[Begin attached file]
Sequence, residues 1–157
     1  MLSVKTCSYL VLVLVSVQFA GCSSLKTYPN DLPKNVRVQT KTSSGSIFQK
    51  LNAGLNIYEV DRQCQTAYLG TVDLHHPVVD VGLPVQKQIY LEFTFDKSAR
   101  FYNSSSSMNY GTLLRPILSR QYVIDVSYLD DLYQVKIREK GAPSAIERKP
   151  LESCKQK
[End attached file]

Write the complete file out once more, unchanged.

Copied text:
Sequence, residues 1–157
     1  MLSVKTCSYL VLVLVSVQFA GCSSLKTYPN DLPKNVRVQT KTSSGSIFQK
    51  LNAGLNIYEV DRQCQTAYLG TVDLHHPVVD VGLPVQKQIY LEFTFDKSAR
   101  FYNSSSSMNY GTLLRPILSR QYVIDVSYLD DLYQVKIREK GAPSAIERKP
   151  LESCKQK